5 Songs We Can’t Stop Listening To is a collection of our newest favorite songs. Every week we ask an artist that we love to tell us about the music they love.
Listen to the whole segment below, and watch our Yours Truly video profile of Curry here.
Denzel Curry picks “624pt2” by Nujabes
My guest today is Denzel Curry. Denzel Curry is from Carol City, Florida- proudly from Carol City. In 2018, he released the album “TA13OO,” and he came back earlier this year with the album “ZUU,” which is fantastic. We’ve been playing the song “SPEEDBOAT.”
My guest today is Denzel Curry. This is what he said when we asked him what song is on pause on his phone right now.
“624pt2” by Nujabes.
What do you like about that band?
It’s just an instrumental, very soothing. I like to be in my little meditative mode, just relaxing. I don’t have to listen to hardcore shit, I don’t listen to rap or nothing like that. Just something that will keep me mellow and vibing.
How did you find it?
Watching “Samurai Champloo,” that’s how I found it. I was looking for one song and found another one.
“Samurai Champloo” and “Samurai Jack,” we were just watching these shows on the bus here, why do you like these shows?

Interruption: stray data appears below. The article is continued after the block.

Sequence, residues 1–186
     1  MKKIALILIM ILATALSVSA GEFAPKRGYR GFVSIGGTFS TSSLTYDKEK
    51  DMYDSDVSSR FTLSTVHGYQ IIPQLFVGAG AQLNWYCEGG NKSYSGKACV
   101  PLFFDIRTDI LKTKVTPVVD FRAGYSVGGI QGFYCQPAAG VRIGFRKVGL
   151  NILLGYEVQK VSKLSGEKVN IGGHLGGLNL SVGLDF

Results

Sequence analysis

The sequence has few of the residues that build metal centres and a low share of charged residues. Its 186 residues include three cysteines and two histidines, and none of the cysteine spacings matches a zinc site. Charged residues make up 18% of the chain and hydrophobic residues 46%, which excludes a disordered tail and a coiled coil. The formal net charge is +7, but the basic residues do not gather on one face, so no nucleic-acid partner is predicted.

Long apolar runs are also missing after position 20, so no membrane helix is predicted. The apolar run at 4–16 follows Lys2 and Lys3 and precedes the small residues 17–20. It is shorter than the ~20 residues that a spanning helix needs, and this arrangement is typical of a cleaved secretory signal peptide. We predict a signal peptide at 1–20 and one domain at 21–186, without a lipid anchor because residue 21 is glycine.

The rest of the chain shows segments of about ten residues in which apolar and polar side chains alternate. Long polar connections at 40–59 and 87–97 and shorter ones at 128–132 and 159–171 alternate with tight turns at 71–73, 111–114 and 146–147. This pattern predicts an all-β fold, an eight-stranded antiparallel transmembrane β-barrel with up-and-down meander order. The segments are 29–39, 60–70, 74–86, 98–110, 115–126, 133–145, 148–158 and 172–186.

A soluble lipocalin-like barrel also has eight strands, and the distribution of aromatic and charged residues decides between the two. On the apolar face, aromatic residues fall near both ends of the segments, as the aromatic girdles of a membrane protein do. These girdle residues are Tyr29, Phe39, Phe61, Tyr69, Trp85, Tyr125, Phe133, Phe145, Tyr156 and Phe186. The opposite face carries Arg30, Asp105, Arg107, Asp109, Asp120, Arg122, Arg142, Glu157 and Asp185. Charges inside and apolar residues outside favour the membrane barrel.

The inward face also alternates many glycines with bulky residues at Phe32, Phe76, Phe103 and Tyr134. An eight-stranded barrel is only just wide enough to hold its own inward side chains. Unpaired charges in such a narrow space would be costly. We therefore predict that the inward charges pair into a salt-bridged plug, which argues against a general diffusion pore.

Well, I relate to some of the characters. I like Mugen because his name means “limitless.” I got a tattoo which is “ULT,” utlizing limitless talent, so that’s what the abbreviation of it was. I just felt like, “I could relate to that, I could relate to Bruce Lee.” Anything that deals with using no limitations as your limitation is something that I could deal with.
And what about the soundtrack?
The soundtrack is amazing, all soundtracks. I like The Seatbelts, which was a band that was created just to do the music for “Cowboy BeBop.” I like Nujabes and the fact that they got Force Of Nature, and Fat Jon just to incorporate all of that together. It’s pretty dope because you’ve got one that’s set in the future, but they have this old-school jazz type of thing. The way they blend genres with it too, like noir, kung-fu action films and spaghetti westerns all mixed together. Then you’ve got “Samurai Champloo,” which is like the old school Japanese films with the samurai, and the ronin and the shoguns. But mixing it with hip-hop is just tight as hell.